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  1. Texas Greenhouse Gas Regulations Go Into Effect

    Tuesday, April 22, 2014 12:50 pm by and

    On April 17, the Texas Commission on Environmental Quality’s new greenhouse gas (GHG) regulations became effective, establishing the framework for a new GHG permitting program at TCEQ, which the agency hopes to begin implementing in the summer of 2014.  Before this can happen, EPA must officially approve the rules and also rescind the Federal Implementation Plan under which it currently regulates GHGs in Texas. 

    The rules have immediate implications for a variety of facilities, however.  Whereas the changes to the PSD program only involve new or modified facilities, the Title V aspects of the rules affect both new and existing facilities.  Any existing facility with a “potential to emit” GHGs above EPA’s “major source” thresholds will have to either obtain a Title V permit or certify to TCEQ that its actual emissions are below the thresholds (found in 30 Tex. Admin. Code § 122.10(14)(H)).  The timing of this certification depends on whether the facility currently has a Title V permit for non-GHG emissions.  (more…)


  2. EPA Requests Feedback on Methane Emissions

    Wednesday, April 16, 2014 5:22 pm by , , and

    By way of update to last month’s client alert, on April 15, 2014, EPA released five white papers that discuss methane and volatile organic compound (VOC) emissions from the oil and gas sector.  The release of the white papers is part of the White House’s Climate Action Plan Strategy to Reduce Methane Emissions

    The white papers cover emissions from five types of emission sources:

    • Compressors
    • Well completions and production from hydraulically fractured wells
    • Leaks
    • Liquids unloading
    • Pneumatic devices (more…)

  3. D.C. Circuit Hears Argument on 2013 Renewable Fuels Standard

    Tuesday, April 8, 2014 3:06 pm by

    On Monday, April 7, the D.C. Circuit heard oral argument in Monroe Energy v. EPA, No. 13-1265, which challenges the 2013 renewable fuels standards (RFS).  Judges Rogers, Griffith, and Pillard presided over the argument. Monroe Energy, an independent refiner, and trade associations API and AFPM challenged the 2013 RFS. PBF Holding Company LLC intervened on behalf of Petitioners, and multiple parties intervened on behalf of EPA. (more…)


  4. Proposed Waters of the U.S. Rule Changes the Question for Adjacent Wetlands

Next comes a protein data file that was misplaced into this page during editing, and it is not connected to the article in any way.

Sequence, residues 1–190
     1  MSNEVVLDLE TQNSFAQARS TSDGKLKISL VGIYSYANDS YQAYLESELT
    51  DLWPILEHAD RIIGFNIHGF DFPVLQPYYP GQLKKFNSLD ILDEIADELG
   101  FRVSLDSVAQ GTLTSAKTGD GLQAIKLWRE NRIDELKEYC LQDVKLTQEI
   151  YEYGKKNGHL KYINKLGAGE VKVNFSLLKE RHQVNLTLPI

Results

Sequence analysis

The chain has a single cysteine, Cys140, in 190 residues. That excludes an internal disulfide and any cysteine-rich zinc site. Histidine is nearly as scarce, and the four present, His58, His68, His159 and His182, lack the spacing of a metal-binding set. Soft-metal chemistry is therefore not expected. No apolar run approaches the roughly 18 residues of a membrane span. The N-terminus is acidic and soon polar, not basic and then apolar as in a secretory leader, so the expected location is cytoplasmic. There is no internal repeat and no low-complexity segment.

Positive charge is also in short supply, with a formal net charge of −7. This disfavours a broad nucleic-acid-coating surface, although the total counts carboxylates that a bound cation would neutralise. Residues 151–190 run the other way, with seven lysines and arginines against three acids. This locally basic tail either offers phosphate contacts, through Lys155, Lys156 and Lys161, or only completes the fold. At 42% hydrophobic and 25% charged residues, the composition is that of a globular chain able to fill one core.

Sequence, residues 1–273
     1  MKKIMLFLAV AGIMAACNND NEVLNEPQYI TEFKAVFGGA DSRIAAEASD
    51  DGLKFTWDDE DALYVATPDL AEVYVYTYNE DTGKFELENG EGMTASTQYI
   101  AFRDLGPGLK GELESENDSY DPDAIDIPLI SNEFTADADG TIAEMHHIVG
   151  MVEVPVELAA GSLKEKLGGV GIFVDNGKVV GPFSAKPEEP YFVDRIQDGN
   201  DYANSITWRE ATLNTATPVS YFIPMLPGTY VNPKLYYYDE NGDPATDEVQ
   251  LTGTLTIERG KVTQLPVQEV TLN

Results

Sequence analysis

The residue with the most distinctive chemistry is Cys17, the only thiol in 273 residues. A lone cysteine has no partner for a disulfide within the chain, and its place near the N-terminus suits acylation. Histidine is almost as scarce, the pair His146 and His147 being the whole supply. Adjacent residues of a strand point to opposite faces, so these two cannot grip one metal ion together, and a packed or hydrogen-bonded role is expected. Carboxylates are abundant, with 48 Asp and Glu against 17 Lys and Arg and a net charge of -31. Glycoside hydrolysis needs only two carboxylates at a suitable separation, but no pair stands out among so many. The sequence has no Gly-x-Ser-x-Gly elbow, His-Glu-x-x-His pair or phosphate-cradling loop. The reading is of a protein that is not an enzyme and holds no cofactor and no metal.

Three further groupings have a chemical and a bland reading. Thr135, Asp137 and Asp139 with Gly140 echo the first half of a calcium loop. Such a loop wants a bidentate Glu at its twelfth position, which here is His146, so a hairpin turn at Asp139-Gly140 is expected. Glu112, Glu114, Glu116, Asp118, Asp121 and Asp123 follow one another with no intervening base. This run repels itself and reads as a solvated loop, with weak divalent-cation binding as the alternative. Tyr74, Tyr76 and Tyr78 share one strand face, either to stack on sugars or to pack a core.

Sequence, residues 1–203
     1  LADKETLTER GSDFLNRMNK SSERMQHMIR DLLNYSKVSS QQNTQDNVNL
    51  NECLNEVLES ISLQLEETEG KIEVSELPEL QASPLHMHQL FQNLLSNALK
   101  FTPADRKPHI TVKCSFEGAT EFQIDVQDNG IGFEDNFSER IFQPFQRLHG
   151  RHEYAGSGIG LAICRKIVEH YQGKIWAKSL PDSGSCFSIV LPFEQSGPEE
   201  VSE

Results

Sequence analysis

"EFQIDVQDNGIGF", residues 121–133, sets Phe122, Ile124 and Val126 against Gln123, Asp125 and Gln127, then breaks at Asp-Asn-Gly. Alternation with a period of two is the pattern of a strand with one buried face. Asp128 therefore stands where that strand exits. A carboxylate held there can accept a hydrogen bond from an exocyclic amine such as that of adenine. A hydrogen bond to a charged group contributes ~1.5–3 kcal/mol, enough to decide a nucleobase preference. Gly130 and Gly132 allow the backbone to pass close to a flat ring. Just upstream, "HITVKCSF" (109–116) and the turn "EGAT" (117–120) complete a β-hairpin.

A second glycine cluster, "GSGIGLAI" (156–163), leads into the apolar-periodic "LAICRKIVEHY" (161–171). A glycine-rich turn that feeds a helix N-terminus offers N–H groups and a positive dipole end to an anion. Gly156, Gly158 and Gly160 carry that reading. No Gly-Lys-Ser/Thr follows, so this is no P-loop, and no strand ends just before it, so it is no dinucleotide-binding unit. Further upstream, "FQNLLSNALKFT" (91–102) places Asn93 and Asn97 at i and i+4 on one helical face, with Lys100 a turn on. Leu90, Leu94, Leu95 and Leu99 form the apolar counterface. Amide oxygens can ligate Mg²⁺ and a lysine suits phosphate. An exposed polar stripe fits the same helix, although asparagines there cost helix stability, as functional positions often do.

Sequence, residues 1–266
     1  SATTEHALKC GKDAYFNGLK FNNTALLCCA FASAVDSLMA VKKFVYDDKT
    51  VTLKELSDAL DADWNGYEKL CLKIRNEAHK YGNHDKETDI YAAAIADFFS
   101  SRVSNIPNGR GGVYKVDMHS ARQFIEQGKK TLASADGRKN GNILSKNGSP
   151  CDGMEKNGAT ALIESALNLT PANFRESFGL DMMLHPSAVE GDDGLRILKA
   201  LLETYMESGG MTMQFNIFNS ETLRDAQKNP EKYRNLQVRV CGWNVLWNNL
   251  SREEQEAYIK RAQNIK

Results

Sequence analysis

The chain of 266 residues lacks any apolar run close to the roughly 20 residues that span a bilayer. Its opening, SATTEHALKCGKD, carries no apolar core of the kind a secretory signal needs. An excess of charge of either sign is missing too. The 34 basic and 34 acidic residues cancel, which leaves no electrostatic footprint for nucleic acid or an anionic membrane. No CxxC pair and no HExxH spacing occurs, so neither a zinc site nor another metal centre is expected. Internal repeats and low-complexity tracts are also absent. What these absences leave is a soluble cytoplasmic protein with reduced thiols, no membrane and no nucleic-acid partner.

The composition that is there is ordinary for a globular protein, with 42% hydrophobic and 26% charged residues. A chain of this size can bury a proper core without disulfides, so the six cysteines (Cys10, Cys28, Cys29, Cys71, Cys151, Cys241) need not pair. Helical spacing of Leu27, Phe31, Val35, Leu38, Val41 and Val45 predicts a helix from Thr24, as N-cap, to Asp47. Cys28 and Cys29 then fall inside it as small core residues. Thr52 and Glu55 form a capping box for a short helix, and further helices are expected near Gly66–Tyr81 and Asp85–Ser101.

Monday, April 7, 2014 12:55 pm by

    Prairie Pothole Wetlands
    Last week we discussed various elements of the U.S. EPA’s and Army Corps of Engineers’ proposed rule redefining Waters of the United States.  Today, we note a potentially wide-ranging impact of the rule regarding the identification of wetlands.

    Wetlands can be difficult for laypersons to identify, as some are wet for as little as 5-12% of the growing season. In mountainous areas of northern states, that can be as little as 4 days, so for much of the year they can be completely dry.  But wetlands are regulated like other waters and require a permit before they can be disturbed.  As a result, the greater the acreage of jurisdictional wetlands there are on a particular property, the more complex the permitting process will be. (more…)


  5. Proposed “Waters of the U.S.” Rule: What Is Left of the Significant Nexus Test?

    Thursday, April 3, 2014 8:00 am by

    Yesterday, we continued examining the confusion inherent in EPA and the Corps’ proposed rule redefining “Waters of the U.S.”  Today we finish that analysis by asking what is left of the Significant Nexus test, if anything.

    As we discussed on Monday, the proposed rule tries to have its cake and eat it too.  The rule describes certain waters that are deemed always to have a significant nexus – and so are always jurisdictional – but also retains the significant nexus test for use on case-by-case basis.  As a reminder, under the proposed rule, “significant nexus” waters are jurisdictional if

    alone or in combination with other similarly situated waters in the region. . . [they] significantly affect[] the chemical, physical, or biological integrity of a [traditionally navigable or interstate water or the territorial seas]

    (Our emphasis). This test, which the agencies have been using since 2007 used to be opaque; its place in the new rule makes it even more so. (more…)


  6. Proposed “Waters of the U.S.” Rule: Clarity, Part 3

    Wednesday, April 2, 2014 8:00 am by

    On April 1, we looked at the opaque definitions of riparian area and floodplain in EPA and the Corps’ proposed rule redefining “Waters of the U.S.”  Unfortunately, part of the definition of another term – tributary – also raises more questions than it answers.

    We looked at part of the definition of tributary last Thursday, when examining the reach of the agencies’ jurisdiction upstream from traditionally navigable and interstate waters.  At the time, we discussed the portion of the definition that identifies a tributary as any feature with a bed and bank that contributes flow to any downstream jurisdictional water.  But that’s only part of the definition.  It continues: (more…)


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